The Planters’ Press November 18, 1948 edition reported that a new business in Bossier City was operating under suspicious circumstances.
“A new business which opened in Bossier City Monday and ran advertisements in Shreveport newspapers under the name of ‘Commercial and Personal Investigations, Inc.,’ has been closed down. Deputy Sheriff Steve Norris of Bossier Parish has reported saying it lacks a city and state license necessary to operate.”
“The business will remain closed pending completion of an investigation of the would-be investigator, according to the Bossier Parish Sheriff’s Office.”
“Norris and City Marshal Ray Festervan ordered the office, located in the Wilder building on Barksdale Boulevard, closed down Tuesday afternoon following a conference with Frank Mason, manager of the Bossier City Chamber of Commerce, Harold Bryant, manager of the Shreveport Chamber of Commerce, R. A. Booth, manager of the Better Business Bureau of Shreveport, and Caddo Parish Sheriff J. Howell Flournoy.”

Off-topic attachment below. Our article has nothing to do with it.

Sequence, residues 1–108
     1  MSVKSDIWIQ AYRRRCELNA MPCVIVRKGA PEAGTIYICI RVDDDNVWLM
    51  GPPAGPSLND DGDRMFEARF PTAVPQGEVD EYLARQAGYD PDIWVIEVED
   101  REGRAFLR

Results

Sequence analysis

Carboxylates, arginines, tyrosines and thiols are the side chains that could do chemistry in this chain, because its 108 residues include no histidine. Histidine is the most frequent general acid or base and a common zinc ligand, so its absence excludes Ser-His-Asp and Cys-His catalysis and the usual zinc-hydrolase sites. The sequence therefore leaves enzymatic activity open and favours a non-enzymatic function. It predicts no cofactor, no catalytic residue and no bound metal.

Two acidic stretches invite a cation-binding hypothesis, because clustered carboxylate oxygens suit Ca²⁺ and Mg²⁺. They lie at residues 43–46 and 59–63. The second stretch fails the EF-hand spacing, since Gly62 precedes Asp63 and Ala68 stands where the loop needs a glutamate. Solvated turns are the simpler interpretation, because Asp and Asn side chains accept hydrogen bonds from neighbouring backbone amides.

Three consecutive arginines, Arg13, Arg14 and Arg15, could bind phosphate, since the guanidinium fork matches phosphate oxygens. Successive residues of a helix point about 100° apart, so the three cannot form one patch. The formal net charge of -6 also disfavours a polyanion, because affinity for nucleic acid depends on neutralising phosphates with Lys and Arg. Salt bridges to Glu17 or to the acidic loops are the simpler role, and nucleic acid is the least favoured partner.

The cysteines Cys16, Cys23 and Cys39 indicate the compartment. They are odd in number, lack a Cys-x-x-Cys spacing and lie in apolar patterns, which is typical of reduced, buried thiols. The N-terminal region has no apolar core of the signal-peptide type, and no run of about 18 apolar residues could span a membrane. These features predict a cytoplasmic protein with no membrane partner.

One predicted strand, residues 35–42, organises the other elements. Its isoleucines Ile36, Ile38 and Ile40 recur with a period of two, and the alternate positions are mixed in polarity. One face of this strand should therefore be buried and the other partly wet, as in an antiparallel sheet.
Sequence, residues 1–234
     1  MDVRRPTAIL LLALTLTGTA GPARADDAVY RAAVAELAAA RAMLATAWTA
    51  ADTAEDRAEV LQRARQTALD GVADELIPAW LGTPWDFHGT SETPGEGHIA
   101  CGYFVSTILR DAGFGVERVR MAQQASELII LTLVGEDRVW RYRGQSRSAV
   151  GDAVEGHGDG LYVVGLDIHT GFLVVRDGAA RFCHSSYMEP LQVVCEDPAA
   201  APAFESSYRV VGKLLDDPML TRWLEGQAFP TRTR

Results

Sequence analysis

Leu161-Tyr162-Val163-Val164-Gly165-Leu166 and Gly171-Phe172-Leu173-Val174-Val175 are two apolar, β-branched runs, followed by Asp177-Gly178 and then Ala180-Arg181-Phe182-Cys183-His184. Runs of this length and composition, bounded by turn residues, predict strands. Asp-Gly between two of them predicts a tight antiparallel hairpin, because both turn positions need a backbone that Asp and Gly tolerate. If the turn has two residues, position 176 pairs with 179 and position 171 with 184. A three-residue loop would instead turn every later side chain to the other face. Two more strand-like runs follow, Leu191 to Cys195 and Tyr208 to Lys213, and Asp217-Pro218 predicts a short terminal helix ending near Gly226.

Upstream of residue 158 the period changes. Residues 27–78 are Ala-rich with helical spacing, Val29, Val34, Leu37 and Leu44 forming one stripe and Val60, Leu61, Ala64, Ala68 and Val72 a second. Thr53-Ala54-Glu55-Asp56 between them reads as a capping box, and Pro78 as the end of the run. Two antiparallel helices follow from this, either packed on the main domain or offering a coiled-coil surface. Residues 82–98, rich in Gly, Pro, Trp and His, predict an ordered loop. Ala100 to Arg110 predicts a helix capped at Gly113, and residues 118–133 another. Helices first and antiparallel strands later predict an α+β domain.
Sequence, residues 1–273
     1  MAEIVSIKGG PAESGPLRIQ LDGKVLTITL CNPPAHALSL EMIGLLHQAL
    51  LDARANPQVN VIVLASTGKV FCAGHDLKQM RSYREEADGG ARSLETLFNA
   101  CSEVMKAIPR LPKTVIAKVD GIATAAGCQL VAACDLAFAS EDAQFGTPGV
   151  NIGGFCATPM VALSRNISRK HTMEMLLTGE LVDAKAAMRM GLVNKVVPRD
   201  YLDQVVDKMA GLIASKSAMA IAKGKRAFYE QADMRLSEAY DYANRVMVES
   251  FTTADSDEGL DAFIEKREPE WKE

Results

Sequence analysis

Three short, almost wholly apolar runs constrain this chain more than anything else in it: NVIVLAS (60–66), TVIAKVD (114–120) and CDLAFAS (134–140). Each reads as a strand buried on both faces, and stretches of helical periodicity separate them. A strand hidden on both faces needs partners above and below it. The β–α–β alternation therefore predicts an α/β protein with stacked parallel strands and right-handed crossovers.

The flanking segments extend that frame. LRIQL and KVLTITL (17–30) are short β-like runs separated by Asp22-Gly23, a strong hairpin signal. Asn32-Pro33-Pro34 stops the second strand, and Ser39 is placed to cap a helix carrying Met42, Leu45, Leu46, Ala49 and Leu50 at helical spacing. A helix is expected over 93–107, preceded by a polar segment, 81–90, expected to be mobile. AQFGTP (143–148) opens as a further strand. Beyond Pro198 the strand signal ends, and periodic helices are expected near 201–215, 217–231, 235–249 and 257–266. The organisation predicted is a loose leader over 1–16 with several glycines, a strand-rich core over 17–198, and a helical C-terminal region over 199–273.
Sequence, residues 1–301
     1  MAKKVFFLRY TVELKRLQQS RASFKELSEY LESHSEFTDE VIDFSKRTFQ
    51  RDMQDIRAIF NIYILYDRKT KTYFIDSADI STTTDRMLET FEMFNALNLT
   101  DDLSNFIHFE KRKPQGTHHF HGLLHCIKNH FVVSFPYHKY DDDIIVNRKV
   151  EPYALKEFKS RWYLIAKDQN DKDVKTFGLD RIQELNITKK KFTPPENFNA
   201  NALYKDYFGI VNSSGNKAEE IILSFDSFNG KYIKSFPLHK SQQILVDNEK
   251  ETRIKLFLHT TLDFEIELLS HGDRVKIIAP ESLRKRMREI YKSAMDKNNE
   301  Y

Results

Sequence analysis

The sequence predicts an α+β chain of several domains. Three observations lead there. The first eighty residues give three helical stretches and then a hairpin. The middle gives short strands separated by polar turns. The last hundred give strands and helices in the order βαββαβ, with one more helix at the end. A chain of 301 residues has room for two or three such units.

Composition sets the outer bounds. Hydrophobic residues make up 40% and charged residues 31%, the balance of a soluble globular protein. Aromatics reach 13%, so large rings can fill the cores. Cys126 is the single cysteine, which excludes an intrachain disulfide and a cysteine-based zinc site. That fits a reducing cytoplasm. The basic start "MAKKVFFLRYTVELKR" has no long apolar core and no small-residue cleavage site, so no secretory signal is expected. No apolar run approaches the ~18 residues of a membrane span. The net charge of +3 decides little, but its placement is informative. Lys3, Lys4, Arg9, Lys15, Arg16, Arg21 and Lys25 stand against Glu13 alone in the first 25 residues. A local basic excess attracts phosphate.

“Meanwhile, the operator of the business, John W. Corpier, Jr., 25-year-old corporal stationed at Barksdale Air Force Base, was being investigated by military and federal authorities. A member of the Barksdale legal office told Bossier authorities that Corpier is confined to the base pending his discharge as an undesirable airman.”
“The Shreveport Chamber of Commerce and the Better Business Bureau evidenced interest in Corpier’s case when his advertisement in a Monday morning newspaper asserted that the two organizations were included ‘among our many satisfied clients.’”
“The statement was retracted in an advertisement running the following day.”
“Norris said his office had refused a request by Corpier for deputy’s commission to carry out criminal investigations, and Sheriff Flournoy stated that no request had been made for a commission at his office.”
“Corpier formerly was married to an English girl, but later was divorced and married a Shreveport girl.”
Whether Corpier was discharged is debatable because his headstone asserts that he was a member of the Army Air Corps who had served in World War II. He died in Texas in 1992.
Reading old newspapers is entertaining and educational. Old newspapers can open new windows on events, people and places. Pay a visit to the Bossier Parish Library Historical Center and take a look.